The major U.S. stock indexes moved modestly higher in late-afternoon trading Monday after spending much of the day veering between gains and losses. Materials and health care stocks were among the biggest gainers, while energy stocks fell the most following another steep slump in crude oil prices.
Investors were weighing the latest batch of company earnings news and looking ahead to the beginning on Wednesday of two days of testimony before Congress by Federal Reserve Chair Janet Yellen.
KEEPING SCORE: The Dow Jones industrial average was up 38 points, or 0.2 percent, to 16,061 as of 3:21 p.m. Eastern Time. The Standard & Poor’s 500 gained five points, or 0.3 percent, to 1,858. The Nasdaq composite added six points, or 0.1 percent, to 4,289. Stocks posted steep slides Monday and Friday.
THE QUOTE: “The market has been trying to define a direction, leadership,” said Quincy Krosby, market strategist for Prudential Financial. “But the pockets of uncertainty continue. That’s part of what’s holding the market back.”
SECTOR TALLY: Six of the 10 sectors in the S&P 500 index moved higher, with materials stocks leading the gainers. Energy stocks posted the biggest decline, 2.3 percent.
RIDING HIGH: Martin Marietta Materials vaulted 11.1 percent after the construction materials company reported a sharp increase in earnings. The stock was the biggest gainer in the S&P 500 index, climbing $13.11 to $130.96.
A BOOST: Boston Scientific climbed 4.7 percent after the medical device maker said the Centers for Medicare and Medicaid will cover an additional key treatment for its Watchman device. The stock added 75 cents to $16.83.
SALES CONCERNS: Viacom tumbled 18 percent after the owner of Nickelodeon, MTV, Comedy Central and Paramount Pictures reported a worse-than-expected drop in fourth-quarter revenue on lower ad sales. The stock dropped $7.54 to $34.31.
OIL EFFECT: Several energy sector companies slumped as the slide in crude oil prices deepened. Consol Energy lost 88 cents, or 10.2 percent, to $7.68, while Southwestern Energy fell $1.08, or 13.6 percent, to $8.26. Murphy Oil slid $1.30, or 6.8 percent, to $17.93.
MIXED RESULTS: Bristow Group tumbled 26.5 percent after the helicopter services company reported better-than-expected fiscal third-quarter profit, but revenue fell short of forecasts. The stock lost $4.90 to $13.58.
ROUGH GOING: Stock markets have endured a torrid start to the year as investors have fretted over a number of issues, including the fall in the price of oil to multi-year lows, a slowdown in China and whether many parts of the global economy will fall into recession and suffer a debilitating period of deflation, or falling prices. Global equities have now lost about $6 trillion since the start of the year. In January, that was largely due to worries over the slowdown in China and the slump in the price of oil.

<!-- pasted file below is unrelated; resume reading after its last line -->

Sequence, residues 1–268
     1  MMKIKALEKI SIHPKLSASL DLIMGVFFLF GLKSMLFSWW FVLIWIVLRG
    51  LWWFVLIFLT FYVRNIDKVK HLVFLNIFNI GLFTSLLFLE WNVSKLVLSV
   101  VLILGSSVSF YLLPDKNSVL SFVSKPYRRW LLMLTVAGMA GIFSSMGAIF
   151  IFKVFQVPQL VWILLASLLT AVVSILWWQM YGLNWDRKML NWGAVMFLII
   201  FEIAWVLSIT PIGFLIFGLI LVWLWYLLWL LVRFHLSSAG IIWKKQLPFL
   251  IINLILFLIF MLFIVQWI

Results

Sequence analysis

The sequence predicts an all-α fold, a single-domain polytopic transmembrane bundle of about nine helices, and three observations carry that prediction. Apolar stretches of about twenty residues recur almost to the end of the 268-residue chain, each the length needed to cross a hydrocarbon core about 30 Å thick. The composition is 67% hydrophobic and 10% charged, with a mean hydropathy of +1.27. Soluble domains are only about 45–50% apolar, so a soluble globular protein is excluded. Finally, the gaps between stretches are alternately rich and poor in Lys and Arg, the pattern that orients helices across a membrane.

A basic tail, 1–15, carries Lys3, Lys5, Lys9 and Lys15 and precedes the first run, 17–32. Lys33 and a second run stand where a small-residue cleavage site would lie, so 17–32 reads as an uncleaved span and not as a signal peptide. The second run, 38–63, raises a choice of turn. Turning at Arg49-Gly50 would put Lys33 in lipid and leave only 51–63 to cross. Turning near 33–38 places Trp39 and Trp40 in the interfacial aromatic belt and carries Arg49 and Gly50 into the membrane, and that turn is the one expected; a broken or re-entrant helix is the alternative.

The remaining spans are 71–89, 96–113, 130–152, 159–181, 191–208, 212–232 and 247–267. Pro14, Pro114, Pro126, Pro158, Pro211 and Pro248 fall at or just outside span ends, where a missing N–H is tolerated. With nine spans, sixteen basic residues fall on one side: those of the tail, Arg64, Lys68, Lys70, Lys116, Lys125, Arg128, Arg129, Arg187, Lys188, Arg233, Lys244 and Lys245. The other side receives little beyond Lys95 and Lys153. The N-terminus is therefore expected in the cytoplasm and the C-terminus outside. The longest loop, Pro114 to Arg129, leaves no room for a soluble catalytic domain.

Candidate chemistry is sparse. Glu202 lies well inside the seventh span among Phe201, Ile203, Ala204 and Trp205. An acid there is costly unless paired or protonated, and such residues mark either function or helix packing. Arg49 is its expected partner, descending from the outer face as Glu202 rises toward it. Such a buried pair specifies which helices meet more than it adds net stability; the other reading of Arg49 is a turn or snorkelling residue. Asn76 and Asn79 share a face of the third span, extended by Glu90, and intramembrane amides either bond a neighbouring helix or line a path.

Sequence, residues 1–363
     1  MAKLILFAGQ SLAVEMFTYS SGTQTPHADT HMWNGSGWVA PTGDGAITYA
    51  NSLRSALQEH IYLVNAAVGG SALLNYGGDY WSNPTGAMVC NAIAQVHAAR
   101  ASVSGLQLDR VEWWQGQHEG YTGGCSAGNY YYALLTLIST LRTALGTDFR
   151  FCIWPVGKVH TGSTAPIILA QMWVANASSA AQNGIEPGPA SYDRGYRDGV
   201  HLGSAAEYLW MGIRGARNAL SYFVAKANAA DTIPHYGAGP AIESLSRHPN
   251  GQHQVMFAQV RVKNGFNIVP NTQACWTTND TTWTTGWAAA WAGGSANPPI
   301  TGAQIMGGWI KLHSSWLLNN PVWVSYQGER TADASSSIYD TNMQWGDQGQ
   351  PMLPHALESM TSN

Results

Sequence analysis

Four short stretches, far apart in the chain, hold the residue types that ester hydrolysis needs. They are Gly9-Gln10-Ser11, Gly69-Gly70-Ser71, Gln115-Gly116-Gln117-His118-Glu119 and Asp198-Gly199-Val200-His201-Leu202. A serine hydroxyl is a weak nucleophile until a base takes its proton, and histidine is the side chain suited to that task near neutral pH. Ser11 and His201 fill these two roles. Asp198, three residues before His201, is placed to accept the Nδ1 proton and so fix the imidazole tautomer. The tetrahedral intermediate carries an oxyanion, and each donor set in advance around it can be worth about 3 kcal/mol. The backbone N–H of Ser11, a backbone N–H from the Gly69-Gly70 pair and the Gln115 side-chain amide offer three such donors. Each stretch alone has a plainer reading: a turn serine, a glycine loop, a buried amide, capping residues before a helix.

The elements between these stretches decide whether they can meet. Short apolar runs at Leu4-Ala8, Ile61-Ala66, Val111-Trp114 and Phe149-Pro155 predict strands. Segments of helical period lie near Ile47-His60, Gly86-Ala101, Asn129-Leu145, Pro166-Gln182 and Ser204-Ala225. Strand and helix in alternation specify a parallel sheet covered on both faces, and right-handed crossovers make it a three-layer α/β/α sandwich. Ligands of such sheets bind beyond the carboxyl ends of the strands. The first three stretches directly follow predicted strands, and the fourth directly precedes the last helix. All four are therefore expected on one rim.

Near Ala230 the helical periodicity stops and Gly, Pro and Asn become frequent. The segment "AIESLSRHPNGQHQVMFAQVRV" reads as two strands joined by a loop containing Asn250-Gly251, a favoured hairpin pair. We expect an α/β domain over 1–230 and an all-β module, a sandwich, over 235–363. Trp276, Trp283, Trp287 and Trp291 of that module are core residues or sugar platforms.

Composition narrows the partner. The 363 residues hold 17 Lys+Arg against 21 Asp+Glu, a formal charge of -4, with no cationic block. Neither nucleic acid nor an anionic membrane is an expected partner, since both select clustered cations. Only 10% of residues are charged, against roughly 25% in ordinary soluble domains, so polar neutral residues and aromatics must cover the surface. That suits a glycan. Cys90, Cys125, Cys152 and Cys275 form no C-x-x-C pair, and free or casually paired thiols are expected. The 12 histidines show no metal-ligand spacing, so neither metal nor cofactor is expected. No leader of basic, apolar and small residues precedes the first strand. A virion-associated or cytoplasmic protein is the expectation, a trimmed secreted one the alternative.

EYES ON THE FED: Yellen is scheduled to addresses Congress over two days Wednesday. Yellen will outline the central bank’s outlook on the economy. Investors will be watching for hints about when the Fed will make its next move to raise its key interest rate. Most analysts and investors think the Fed will raise rates fewer than four times this year, if at all.
EUROPEAN MARKETS: Stocks managed to eke out early gains in Europe before succumbing to another bout of selling. The FTSE 100 index of leading British shares was down 1 percent, while Germany’s DAX fell 1.1 percent. The CAC-40 in France was 1.7 percent lower.
ASIA’S DAY: Japan’s Nikkei index tumbled 5.4 percent and the interest rate on the country’s benchmark bond dropped into negative territory for the first time. The yields on Japan’s bonds have been low for years as the country kept its interest rates at or near zero.
ENERGY: Crude oil prices fell sharply for the second day in a row Tuesday. Benchmark U.S. crude oil dropped $1.75, or 5.6 percent, to close at $27.94 a barrel in New York. Brent crude, a benchmark for international oils, fell $2.56, or 7.8 percent, to close at $30.21 a barrel in London. The International Energy Agency, which advises countries on energy policy, said oil prices will continue to come under pressure as supply is set to outpace demand this year.
METALS: Precious metals prices were mixed. Gold rose 70 cents, or 0.1 percent, to $1,198.60 an ounce and silver inched up 2 cents, or 0.1 percent, to $15.44 an ounce. Copper, an industrial metal that will often rise and fall along with investor’s optimism about the global economy, fell 5 cents, or 2.4 percent, to $2.04 a pound.
BONDS AND CURRENCIES: Bond prices rose. The yield on the 10-year Treasury note fell to 1.73 percent from 1.75 percent late Monday. The dollar was down at 114.99 yen from 115.58 yen. As recently as the end of January, the dollar was trading above 121 yen. The euro up $1.1286 from $1.1186.
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